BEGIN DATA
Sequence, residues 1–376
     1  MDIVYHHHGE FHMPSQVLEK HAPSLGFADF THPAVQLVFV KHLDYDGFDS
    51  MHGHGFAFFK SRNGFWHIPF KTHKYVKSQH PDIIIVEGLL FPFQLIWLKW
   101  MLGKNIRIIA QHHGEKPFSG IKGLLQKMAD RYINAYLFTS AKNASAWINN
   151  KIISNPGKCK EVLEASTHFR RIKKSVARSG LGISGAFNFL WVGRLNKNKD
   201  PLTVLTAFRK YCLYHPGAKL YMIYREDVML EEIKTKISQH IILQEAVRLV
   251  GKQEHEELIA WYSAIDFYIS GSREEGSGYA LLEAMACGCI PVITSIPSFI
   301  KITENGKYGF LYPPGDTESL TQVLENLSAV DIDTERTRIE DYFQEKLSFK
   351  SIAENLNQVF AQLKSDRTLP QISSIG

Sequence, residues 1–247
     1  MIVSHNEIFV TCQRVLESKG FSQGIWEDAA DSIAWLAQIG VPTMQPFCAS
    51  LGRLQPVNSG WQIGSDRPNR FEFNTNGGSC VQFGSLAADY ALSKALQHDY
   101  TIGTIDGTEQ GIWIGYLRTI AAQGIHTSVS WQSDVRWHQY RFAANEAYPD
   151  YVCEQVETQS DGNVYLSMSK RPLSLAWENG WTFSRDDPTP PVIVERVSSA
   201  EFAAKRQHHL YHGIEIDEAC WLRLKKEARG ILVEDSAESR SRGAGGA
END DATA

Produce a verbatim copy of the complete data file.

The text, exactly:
Sequence, residues 1–376
     1  MDIVYHHHGE FHMPSQVLEK HAPSLGFADF THPAVQLVFV KHLDYDGFDS
    51  MHGHGFAFFK SRNGFWHIPF KTHKYVKSQH PDIIIVEGLL FPFQLIWLKW
   101  MLGKNIRIIA QHHGEKPFSG IKGLLQKMAD RYINAYLFTS AKNASAWINN
   151  KIISNPGKCK EVLEASTHFR RIKKSVARSG LGISGAFNFL WVGRLNKNKD
   201  PLTVLTAFRK YCLYHPGAKL YMIYREDVML EEIKTKISQH IILQEAVRLV
   251  GKQEHEELIA WYSAIDFYIS GSREEGSGYA LLEAMACGCI PVITSIPSFI
   301  KITENGKYGF LYPPGDTESL TQVLENLSAV DIDTERTRIE DYFQEKLSFK
   351  SIAENLNQVF AQLKSDRTLP QISSIG

Sequence, residues 1–247
     1  MIVSHNEIFV TCQRVLESKG FSQGIWEDAA DSIAWLAQIG VPTMQPFCAS
    51  LGRLQPVNSG WQIGSDRPNR FEFNTNGGSC VQFGSLAADY ALSKALQHDY
   101  TIGTIDGTEQ GIWIGYLRTI AAQGIHTSVS WQSDVRWHQY RFAANEAYPD
   151  YVCEQVETQS DGNVYLSMSK RPLSLAWENG WTFSRDDPTP PVIVERVSSA
   201  EFAAKRQHHL YHGIEIDEAC WLRLKKEARG ILVEDSAESR SRGAGGA